This news report was written on May. 6 by Joshua Lan & me.
The following article was written for a course that my friend Joshua and I take. In the end, this assignment was canceled. However, knowing this would be a great topic to cover, I decided to keep it and further expand on the issue here.
The Never-Ending Tug of War: The Constant Struggles of Uber in Taiwan
By Joshua Lan & Michael Chuang
April 29, 2019
MOTC Redrafts on Regulations, Causing Rising Disputes
After the Ministry of Transportation and Communications (MOTC) announced a draft amendment on Article 13-1 of “Regulations for Automobile Transportation Operators”, which complicates the working dynamic of the drivers of Uber, a United States ride-hailing company, and could potentially force a number of them to quit their job, about 1,000 Uber drivers went on a protest against MOTC’s decision in front of the presidential office, opposing Article 13-1 as well as stating that “no one should be left out.”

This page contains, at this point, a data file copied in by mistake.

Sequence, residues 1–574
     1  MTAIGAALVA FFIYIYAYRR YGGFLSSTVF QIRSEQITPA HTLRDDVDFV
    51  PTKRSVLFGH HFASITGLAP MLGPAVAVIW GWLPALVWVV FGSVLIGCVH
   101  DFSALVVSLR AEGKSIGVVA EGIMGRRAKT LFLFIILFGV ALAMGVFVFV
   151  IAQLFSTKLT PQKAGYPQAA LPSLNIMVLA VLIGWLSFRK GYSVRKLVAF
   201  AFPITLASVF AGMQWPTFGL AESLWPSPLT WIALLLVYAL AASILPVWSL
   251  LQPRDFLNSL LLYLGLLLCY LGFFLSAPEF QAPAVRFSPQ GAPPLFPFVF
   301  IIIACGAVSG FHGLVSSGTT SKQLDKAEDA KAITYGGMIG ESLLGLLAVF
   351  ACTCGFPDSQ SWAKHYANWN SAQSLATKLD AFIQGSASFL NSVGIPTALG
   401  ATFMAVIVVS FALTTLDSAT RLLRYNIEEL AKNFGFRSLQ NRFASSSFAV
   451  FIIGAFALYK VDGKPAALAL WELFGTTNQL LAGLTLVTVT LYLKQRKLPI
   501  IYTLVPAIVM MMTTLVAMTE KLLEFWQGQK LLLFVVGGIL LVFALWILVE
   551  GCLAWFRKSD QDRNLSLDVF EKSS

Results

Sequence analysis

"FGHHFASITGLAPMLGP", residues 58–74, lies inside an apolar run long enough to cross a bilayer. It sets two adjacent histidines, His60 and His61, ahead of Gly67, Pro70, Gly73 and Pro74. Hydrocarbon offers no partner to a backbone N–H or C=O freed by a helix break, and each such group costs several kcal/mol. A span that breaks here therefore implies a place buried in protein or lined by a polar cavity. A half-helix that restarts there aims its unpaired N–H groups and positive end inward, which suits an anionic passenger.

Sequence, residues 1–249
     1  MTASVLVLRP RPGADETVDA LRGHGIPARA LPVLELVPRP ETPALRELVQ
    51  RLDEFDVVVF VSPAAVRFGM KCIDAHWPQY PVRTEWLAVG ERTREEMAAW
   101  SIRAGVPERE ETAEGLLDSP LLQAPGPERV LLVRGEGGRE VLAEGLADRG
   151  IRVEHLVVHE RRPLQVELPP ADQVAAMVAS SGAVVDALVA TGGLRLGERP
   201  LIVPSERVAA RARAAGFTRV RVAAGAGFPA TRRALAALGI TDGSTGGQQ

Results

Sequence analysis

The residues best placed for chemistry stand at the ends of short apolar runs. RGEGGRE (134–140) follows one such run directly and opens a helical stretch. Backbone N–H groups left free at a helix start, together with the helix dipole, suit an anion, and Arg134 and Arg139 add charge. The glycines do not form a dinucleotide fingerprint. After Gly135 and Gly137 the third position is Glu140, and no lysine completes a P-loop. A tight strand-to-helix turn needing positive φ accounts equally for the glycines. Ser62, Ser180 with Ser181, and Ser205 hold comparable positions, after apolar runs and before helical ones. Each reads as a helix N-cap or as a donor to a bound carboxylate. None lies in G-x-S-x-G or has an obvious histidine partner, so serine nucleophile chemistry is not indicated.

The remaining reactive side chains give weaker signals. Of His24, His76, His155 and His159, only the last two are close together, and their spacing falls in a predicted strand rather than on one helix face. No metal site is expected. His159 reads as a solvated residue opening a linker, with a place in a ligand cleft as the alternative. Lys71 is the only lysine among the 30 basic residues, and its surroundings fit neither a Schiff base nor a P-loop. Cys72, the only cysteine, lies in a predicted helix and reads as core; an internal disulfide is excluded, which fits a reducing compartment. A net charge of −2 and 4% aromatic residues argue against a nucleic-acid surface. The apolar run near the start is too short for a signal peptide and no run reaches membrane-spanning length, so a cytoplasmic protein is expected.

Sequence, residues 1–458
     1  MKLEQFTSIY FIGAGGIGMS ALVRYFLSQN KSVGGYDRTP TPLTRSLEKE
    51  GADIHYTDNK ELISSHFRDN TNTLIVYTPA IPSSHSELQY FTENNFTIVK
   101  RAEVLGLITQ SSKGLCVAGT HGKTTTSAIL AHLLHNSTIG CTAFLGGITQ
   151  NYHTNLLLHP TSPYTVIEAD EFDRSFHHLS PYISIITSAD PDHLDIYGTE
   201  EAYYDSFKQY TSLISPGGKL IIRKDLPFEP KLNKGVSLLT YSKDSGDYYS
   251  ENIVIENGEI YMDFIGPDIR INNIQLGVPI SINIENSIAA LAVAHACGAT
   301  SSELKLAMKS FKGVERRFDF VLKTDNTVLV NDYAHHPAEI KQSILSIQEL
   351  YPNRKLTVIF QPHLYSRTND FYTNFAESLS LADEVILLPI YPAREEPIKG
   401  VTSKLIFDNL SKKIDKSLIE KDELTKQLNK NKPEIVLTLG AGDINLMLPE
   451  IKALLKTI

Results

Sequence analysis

“The new regulations aren’t fixing the problem. If the general public prefers to take Uber instead of taxis, it’s the taxi operators who have to review the cause. Taiwan enjoys a free market that should not raise its bar or impose harsh regulations to protect one side from being competed by the other.” Said college freshman Xue Pei-Xuan who often takes Uber around Taipei City when asked about her thoughts towards the newly announced draft amendment.
Changes in the “Uber Clause”
“I don’t agree with the new faring system since it deprives us users of the right to choose. Taxi accidents and controversies keep rising and people are worried. Uber provides a better, safer, and cheaper alternative, and if consumers believe the price and safety are managed in this alternative, then it is unreasonable for the government to restrict this alternative.” Xue added.
Known as the “Uber clause”, the new regulation prohibits Uber drivers to drive around and pick up passengers randomly, pick up passengers without returning to the rental spot (garage) after each ride; or schedule shifts for rides. Besides, under the new law, minimum fares will be charged from 1 hour, instead of the dynamic pricing models in the past.
However, some support the drafted amendment and explained to us why, by doing so, the government is doing the right thing.